Game Fishing
"The Fish Journal" Issaquah Press, Published February 2011

By Dallas Cross

I am not particularly fortunate when it comes to fishing or gaming. However, I have found that proper preparation and patience will often bring rewards whether fly fishing or playing in a poker tournament. In fact there are times where gaming and fishing can work in synchrony.

My wife and I took an auto tour of several Western States last summer to visit relatives and friends in Idaho, Nevada, and Colorado. We packed our fly rods hoping for some trout fishing to counter the uneasiness of strange beds and the monotony of chicken-fried steaks.

Our route took us to Twin Falls, Idaho across the river from where we grew up. I recollected a past "fishing" trip with my younger brother after I came home from the Army.

Getting permission to use our dad's car was difficult. We did justify it with the need for an overnight trip to fish the evening and morning bug hatches on the Salmon River flowing to the Snake River from Nevada.

With the car in hand, the real plan was put into action. We drove to Rogerson near the Nevada state line and the Salmon River dam. Then we disconnected the speedometer and drove on to Elko, Nevada where two saloons had gaming tables open all night.

I was not lucky, as usual, but my younger brother Lary was. Soon he had his end of the double-railed crap table lined with silver dollars. We departed well after midnight under the guise of getting something to eat before they asked us to give up our winnings, because Lary was under age.

On the way back home we stopped, reconnected the speedometer and cast flies into the river at sun up to validate our trip. We even caught some trout!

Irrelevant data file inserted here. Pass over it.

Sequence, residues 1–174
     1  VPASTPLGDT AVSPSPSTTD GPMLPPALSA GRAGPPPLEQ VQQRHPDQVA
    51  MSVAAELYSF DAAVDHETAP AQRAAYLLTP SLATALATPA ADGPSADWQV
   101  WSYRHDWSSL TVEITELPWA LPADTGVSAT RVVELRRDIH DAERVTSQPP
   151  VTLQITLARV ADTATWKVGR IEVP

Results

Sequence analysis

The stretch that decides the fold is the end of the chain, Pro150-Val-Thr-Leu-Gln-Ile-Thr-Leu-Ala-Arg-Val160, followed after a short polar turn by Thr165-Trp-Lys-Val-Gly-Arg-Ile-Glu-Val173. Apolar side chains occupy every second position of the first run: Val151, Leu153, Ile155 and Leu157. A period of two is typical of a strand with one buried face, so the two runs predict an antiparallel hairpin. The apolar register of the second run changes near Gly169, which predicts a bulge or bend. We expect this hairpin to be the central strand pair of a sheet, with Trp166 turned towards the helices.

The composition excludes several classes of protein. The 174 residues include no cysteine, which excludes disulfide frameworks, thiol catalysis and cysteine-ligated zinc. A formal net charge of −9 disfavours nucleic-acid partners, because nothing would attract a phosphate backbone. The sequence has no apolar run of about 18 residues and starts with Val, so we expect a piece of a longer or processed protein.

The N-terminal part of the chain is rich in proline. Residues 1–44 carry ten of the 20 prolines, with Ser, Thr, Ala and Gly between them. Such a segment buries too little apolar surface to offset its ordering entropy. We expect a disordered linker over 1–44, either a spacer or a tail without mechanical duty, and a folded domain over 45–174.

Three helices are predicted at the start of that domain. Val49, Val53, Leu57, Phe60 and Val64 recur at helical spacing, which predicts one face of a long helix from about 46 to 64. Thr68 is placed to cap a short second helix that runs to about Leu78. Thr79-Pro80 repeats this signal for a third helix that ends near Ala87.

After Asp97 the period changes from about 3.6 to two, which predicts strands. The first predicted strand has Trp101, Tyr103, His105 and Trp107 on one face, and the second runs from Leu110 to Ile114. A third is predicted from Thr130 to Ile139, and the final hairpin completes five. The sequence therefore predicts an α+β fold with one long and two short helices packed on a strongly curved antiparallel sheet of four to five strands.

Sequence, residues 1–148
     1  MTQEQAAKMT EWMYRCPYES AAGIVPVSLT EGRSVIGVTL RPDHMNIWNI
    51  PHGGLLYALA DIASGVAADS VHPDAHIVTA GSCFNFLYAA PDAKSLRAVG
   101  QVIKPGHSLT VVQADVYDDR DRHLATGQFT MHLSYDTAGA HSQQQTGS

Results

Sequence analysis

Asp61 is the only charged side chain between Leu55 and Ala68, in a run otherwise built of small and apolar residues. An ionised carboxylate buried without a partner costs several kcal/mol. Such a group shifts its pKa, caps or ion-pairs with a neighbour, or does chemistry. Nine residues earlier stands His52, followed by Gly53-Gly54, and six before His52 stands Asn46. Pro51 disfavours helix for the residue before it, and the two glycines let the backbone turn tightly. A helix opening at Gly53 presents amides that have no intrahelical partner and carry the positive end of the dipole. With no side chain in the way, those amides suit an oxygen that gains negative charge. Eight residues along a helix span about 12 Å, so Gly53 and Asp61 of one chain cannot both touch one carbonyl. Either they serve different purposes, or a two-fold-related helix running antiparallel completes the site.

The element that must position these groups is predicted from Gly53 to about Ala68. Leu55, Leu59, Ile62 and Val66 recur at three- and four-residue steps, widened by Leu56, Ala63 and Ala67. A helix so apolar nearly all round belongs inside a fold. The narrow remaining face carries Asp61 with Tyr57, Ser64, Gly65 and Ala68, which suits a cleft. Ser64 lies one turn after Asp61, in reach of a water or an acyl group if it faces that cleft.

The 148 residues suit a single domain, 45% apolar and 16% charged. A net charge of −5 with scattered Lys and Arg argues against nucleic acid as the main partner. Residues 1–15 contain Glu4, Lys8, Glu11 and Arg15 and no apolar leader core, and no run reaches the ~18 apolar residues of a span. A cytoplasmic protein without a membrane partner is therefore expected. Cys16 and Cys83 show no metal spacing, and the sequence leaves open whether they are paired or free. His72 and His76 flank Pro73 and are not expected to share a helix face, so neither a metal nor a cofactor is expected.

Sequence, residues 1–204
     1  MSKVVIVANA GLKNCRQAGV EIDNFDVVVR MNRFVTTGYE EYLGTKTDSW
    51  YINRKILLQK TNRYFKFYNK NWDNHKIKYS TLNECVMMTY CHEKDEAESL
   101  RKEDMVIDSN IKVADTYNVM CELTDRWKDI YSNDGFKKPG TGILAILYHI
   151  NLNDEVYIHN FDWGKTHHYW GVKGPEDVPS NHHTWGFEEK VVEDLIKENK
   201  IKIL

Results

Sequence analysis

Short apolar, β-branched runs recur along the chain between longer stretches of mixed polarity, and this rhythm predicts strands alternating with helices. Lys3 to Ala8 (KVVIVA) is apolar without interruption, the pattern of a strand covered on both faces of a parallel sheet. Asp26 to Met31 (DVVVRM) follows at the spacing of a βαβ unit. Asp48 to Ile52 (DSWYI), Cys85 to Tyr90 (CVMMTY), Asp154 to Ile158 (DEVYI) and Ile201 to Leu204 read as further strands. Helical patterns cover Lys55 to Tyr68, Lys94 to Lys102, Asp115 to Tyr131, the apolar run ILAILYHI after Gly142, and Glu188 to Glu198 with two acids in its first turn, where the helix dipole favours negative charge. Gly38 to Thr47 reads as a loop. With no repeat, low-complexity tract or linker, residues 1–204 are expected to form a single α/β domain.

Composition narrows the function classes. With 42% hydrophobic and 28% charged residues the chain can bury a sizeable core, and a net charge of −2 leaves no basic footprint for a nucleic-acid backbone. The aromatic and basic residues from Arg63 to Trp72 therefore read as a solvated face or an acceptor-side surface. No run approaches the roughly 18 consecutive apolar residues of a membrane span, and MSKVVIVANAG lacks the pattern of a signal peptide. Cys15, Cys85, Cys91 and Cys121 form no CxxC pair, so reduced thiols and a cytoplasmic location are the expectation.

Continuing last summer's trip, we drove on to Henderson Nevada, arriving at my grandson's home not coincidentally at the same time that the Senior Event of the World Series of Poker in nearby Las Vegas was scheduled.

Several of my poker buddies at the local Elks Lodge and my daughters had been sympathetic enough to become partners and sponsor half of my entry fee to the event. So I registered at The Rio pavilion and walked into the biggest poker arena in the world.

I had expected to view a big group of cue-tipped or shining heads at the poker tables but the minimum age of 50 brought forth a much younger and bigger field. In fact, there were well over four thousand players all seated and awaiting the "shuffle up and deal" announcement.

I played conservatively but having no good hands dealt for hours on end, I finally had to take some risks. I didn't make any misplays but ended up getting knocked out of the tournament when there were just over 500 players remaining--not in the money. Then I took the lonely walk to the Rio parking lot consoling myself that I did outlast 4000 players.

The next visit was in Colorado Springs with my nephew Brian and his family. I chronicled our fishing trip here in a previous article, "Fishing Trip Echoes." We did catch some nice trout on flies in the South Fork of the Platte River near Pike's Peak on our outing.

On the route back home to Issaquah, we made arrangements to visit a buddy whom I had not seen since college days. He and his wife have a lovely log home in the Fraser River Valley just below Winter Park, Colorado. What was most encouraging is that his property surrounds almost three-quarters of a mile of the Fraser River resplendent with trout.

Again, an unplayable hand was dealt as recent rains made the river unfishable. My wife and I accompanied our host to a tributary creek to entice a few reluctant trout. While we were not catching them I glimpsed a cougar slinking in the direction of my wife down stream and quickly joined her to offer a duality of threatening presence. On a following morning our hostess graciously served us delicious Swedish pancakes in lieu of pan fried trout before we departed.

With an invitation to return when the fishing will be better on the Fraser, and having a poker player's perpetual hope that good cards will befall next time, I am already planning our return trip; especially to see our new great-granddaughter born this past Christmas Day in Henderson.

Person fishing
Fraser Valley Creek - "So, where are the trout?

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